Ascending above the first cliff band, the line of the Stairs passes into the shelter of a hanging valley. Hot and sultry in the sun, this protected valley has better soil and shelter from the harsh, persistent trade winds that flow over the ridges above and below. In this more hospitable environment, alien guavas and octopus trees once more make an appearance. Here, the bane of hiking trails throughout the islands, Clidemia hirta, an aggressive alien weed transmitted by seeds on hikers’ boots, proliferates along the Stairs. Despite these invaders, endemic kolea, a grove of mamaki, which is a small tree with light green leaves, and an endemic fern, amau, are found here. Look for these along stair sections 157 to 210.
Just before emerging from the hanging valley onto the ridge, the Stairs pass through a bunch of uki (not to be confused with uki uki), an endemic sedge. This interesting plant has long, grass-like leaves and brown flower stalks. Look for these on stair section 225.
The Stairs, now at an elevation of over 500 meters (1,600 feet), follow the main mountain ridge, fully exposed to the trade winds. Here the plants are adapted to a cliff habitat, and with progress along the ridge ascend, as does the climber, into nearly perpetual clouds.
Look for M. tremuloides, known to Hawaiians as ahihi; note the small, narrow trembling leaves on reddish leaf stems (petioles), with the familiar lehua-shaped flower. This is a variant or closely related species of ohia lehua; also look for ohia rugosa, with lumpy, convex leaves, known to Hawaiians as lehua-papa. Although they differ in leaf detail, an inspection of their flowers will reveal that they are quite alike. The attractive, bright red lehua blossom has evolved for pollination by birds. Look for the ahihi on stair section 258.
Conversely, inspect the drab monono: its tiny, pale green trumpet-shaped blossom did not evolve to be attractive, but to be pollinated by the wind. This plant of the coffee family is related to the nearby kopiko, with clusters of small white flowers growing in a group from the center of terminal leaf clusters.(Notice the bumpy Clidemia leaves behind the kopiko flower head in the linked image.) Both are in the family Rubiaceae, which is well represented along Haiku Stairs. Look for these along stair sections 323 and 330.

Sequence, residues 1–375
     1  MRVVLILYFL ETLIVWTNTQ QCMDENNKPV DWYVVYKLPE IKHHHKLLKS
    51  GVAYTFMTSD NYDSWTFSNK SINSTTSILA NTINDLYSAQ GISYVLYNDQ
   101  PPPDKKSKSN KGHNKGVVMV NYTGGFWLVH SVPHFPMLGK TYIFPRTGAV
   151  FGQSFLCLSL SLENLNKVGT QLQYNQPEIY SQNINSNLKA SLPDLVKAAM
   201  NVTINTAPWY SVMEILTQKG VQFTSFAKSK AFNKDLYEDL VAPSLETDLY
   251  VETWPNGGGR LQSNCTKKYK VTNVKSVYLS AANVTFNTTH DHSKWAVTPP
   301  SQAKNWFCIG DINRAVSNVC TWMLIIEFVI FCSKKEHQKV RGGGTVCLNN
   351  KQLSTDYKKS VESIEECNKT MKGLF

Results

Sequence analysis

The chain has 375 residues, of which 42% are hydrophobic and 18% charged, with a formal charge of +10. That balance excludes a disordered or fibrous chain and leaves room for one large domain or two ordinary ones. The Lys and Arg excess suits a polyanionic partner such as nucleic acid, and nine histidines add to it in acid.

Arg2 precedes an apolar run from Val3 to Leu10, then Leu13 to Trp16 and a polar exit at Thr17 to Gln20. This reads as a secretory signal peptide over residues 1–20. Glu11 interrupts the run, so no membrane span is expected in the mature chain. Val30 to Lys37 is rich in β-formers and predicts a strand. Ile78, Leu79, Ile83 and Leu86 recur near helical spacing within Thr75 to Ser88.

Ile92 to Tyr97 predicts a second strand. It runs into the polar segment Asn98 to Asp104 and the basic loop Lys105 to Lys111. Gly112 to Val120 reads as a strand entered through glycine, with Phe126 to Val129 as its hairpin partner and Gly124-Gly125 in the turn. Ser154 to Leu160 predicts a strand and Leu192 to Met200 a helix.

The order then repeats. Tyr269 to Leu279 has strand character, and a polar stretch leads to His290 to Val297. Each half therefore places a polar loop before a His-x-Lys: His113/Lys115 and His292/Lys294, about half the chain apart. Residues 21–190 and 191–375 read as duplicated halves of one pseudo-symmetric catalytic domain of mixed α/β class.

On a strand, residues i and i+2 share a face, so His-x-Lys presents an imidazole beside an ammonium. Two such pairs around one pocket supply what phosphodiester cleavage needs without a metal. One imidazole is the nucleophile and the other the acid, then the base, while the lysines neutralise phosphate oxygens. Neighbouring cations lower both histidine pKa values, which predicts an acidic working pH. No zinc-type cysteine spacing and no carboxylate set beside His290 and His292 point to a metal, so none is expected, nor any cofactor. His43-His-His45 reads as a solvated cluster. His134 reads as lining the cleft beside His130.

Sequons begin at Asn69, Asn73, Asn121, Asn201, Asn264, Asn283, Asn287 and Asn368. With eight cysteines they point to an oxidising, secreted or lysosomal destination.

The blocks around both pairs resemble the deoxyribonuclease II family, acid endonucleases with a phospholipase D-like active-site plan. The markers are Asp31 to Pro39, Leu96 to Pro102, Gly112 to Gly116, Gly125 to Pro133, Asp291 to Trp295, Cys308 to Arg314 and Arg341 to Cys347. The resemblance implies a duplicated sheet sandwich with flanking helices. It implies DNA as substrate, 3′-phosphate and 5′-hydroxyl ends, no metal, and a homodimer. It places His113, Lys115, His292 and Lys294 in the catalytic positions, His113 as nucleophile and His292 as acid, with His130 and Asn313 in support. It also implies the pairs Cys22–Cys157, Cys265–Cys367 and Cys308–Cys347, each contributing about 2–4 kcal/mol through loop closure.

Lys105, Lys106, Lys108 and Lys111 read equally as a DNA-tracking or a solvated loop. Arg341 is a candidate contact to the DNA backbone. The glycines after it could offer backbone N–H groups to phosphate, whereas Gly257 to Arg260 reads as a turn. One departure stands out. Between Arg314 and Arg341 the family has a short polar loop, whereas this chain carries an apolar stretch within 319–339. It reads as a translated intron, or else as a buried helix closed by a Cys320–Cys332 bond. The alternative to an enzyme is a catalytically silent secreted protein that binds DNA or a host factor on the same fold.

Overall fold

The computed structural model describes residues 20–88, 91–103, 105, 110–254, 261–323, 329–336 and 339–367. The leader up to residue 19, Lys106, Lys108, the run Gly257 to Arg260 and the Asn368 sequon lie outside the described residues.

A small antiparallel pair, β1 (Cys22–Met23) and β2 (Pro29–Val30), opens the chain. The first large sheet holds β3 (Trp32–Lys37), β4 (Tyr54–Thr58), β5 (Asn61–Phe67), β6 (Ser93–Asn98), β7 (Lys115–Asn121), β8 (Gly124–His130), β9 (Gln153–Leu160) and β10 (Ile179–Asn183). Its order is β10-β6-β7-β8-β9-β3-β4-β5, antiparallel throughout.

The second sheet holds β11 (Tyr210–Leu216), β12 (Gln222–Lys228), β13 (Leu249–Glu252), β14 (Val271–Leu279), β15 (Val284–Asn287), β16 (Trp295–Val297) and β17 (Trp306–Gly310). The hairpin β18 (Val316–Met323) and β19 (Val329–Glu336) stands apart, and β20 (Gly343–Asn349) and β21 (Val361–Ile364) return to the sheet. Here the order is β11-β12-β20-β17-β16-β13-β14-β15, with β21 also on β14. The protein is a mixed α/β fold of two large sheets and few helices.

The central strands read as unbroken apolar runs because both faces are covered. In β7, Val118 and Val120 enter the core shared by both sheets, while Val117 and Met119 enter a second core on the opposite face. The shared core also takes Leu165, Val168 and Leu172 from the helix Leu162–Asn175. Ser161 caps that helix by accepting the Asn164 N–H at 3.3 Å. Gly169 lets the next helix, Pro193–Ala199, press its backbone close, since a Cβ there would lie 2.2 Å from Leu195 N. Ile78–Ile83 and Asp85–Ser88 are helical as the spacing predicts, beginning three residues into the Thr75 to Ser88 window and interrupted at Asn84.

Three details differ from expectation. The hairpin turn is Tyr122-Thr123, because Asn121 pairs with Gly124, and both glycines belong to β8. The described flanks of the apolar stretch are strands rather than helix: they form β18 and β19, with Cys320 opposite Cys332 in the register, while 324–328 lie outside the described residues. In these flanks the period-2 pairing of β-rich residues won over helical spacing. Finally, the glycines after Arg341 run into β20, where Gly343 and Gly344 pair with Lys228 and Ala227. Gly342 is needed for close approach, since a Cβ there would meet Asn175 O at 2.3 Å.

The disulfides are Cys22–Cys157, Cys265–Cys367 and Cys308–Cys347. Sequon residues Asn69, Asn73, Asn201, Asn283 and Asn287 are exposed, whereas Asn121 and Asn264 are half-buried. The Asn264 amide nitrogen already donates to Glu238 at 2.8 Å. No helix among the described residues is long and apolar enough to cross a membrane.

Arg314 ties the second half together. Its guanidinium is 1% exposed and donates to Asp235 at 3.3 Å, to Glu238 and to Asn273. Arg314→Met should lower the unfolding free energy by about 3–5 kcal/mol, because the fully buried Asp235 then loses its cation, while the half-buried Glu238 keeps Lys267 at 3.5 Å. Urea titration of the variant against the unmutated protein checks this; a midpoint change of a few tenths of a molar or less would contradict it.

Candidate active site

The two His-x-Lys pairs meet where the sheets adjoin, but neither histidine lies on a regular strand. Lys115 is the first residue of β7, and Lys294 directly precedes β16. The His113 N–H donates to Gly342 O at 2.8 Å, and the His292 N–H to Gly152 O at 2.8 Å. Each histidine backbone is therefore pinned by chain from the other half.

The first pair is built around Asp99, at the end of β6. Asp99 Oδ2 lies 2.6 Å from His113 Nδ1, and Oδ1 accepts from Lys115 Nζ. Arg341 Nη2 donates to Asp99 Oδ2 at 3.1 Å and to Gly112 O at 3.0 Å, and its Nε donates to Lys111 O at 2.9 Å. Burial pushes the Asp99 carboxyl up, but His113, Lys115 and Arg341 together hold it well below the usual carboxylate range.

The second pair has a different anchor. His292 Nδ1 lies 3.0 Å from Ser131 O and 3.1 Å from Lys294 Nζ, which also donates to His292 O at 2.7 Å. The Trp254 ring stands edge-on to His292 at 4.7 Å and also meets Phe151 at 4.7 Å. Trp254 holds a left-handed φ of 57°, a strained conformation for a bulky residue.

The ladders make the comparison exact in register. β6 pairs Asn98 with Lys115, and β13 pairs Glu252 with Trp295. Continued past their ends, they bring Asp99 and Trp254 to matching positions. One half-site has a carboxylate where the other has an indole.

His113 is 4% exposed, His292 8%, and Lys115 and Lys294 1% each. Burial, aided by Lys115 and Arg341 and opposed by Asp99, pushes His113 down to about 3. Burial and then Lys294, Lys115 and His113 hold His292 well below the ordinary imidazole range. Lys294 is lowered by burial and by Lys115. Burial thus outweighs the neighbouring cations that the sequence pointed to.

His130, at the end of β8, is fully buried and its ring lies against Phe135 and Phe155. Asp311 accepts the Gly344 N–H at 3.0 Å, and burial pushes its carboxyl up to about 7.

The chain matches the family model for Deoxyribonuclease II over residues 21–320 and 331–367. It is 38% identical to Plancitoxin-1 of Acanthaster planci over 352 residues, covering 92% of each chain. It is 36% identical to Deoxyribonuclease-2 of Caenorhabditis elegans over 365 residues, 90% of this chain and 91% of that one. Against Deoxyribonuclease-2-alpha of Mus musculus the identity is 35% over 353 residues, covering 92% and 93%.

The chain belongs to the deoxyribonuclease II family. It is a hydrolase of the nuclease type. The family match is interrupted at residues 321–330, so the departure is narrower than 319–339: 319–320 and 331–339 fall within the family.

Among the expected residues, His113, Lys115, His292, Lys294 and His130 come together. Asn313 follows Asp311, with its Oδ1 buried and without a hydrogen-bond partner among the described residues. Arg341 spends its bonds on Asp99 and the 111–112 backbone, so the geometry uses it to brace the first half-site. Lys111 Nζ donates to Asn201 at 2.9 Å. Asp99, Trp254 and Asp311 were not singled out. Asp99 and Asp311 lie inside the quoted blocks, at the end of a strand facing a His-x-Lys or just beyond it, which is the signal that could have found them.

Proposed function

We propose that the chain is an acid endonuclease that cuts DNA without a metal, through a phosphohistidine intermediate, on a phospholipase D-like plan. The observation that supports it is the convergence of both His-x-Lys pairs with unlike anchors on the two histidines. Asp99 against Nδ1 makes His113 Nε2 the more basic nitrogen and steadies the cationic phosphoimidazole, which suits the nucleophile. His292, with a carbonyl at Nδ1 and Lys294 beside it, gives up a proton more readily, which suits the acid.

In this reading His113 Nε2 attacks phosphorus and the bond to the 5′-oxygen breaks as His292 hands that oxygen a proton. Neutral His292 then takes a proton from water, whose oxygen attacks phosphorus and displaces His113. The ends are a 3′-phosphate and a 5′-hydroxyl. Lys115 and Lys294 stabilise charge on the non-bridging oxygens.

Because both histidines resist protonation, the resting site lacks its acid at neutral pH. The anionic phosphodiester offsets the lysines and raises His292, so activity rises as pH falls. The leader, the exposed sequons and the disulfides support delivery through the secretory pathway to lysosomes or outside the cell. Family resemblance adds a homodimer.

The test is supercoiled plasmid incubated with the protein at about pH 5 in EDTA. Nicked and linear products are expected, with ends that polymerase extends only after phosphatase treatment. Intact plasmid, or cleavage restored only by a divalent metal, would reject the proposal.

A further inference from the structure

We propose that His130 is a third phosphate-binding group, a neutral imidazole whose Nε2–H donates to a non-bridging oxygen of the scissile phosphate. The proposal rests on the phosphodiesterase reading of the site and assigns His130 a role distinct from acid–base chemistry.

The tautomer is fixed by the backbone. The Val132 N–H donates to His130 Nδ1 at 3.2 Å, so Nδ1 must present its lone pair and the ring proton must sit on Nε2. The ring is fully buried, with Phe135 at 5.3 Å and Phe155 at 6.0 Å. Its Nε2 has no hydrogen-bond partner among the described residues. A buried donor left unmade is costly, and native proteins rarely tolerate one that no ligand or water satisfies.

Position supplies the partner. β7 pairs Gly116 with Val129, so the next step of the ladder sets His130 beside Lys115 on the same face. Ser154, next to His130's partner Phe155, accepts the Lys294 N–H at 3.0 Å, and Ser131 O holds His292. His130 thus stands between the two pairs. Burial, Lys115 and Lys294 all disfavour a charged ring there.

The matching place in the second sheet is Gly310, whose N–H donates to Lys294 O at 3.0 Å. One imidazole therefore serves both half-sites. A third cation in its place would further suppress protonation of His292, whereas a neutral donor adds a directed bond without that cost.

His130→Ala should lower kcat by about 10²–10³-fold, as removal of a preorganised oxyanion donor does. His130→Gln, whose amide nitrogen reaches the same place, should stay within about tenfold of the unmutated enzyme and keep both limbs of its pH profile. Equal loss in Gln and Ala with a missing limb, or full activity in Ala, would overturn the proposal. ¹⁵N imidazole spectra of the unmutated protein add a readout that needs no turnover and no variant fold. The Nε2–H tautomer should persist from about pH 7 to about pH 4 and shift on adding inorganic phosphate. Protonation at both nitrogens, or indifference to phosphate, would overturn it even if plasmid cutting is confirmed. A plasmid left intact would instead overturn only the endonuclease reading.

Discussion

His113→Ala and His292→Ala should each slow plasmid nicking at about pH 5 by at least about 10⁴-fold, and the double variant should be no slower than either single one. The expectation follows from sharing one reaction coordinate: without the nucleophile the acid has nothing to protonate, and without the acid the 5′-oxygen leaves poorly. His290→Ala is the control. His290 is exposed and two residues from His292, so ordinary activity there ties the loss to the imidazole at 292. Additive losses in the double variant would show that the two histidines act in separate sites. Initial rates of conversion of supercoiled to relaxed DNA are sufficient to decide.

The native palm tree loulu makes its appearance on these upper ridges, protected here from rats that predate upon their seeds in the lowlands. The Hawaiian hydrangea, kanawao, is plentiful along the upper Stairs, its clustered purple flowers revealing its continental heritage. And look for the kolii, a Trematolobelia, a small plant with clustered narrow leaves at the top of a stem, shaped like a tiny palm tree. It flowers once and dies, leaving multiple bare stalks projecting upwards like a blown-out umbrella. Seeds are then scattered downward by the wind from the hollow “shaker” seed pods. Look for these plants at stair sections 359, 387, and 441.
This brief narrative has just skimmed the surface. We’ll leave you here, near the summit, with this short sample of what plants may be found along Haiku Stairs. Be careful on the way down.
Over 50 native vascular plant species have been identified near the Stairs, and no one has yet attempted to catalog the epiphytic plants (plants that grow on other plants) which proliferate in the cloudy realm at the top of the Stairs.
For those with an interest in learning more about native Hawaiian plants, the following two books are worth your while:
For field identification: A Pocket Guide to Hawaii’s Native Trees and Shrubs; H. Douglass Pratt; Mutual Publishing, 1998
For ecological interpretation and natural history: Hawaii, A Natural History; Sherwin Carlquist, The Pacific Tropical Botanic Garden; 1980.